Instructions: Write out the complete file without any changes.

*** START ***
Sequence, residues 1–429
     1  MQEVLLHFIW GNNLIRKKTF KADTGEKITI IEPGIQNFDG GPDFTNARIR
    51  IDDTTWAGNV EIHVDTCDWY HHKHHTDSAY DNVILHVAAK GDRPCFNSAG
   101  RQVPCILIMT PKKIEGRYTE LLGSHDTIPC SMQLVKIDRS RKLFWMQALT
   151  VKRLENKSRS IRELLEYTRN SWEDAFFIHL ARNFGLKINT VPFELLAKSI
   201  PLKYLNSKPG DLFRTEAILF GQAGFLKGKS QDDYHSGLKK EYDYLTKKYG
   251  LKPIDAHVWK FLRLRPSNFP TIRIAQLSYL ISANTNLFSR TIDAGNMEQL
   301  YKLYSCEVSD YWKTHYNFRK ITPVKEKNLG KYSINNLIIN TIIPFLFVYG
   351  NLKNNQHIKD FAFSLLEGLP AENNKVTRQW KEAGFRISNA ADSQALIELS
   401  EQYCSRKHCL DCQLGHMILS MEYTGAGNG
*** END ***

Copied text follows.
Sequence, residues 1–429
     1  MQEVLLHFIW GNNLIRKKTF KADTGEKITI IEPGIQNFDG GPDFTNARIR
    51  IDDTTWAGNV EIHVDTCDWY HHKHHTDSAY DNVILHVAAK GDRPCFNSAG
   101  RQVPCILIMT PKKIEGRYTE LLGSHDTIPC SMQLVKIDRS RKLFWMQALT
   151  VKRLENKSRS IRELLEYTRN SWEDAFFIHL ARNFGLKINT VPFELLAKSI
   201  PLKYLNSKPG DLFRTEAILF GQAGFLKGKS QDDYHSGLKK EYDYLTKKYG
   251  LKPIDAHVWK FLRLRPSNFP TIRIAQLSYL ISANTNLFSR TIDAGNMEQL
   301  YKLYSCEVSD YWKTHYNFRK ITPVKEKNLG KYSINNLIIN TIIPFLFVYG
   351  NLKNNQHIKD FAFSLLEGLP AENNKVTRQW KEAGFRISNA ADSQALIELS
   401  EQYCSRKHCL DCQLGHMILS MEYTGAGNG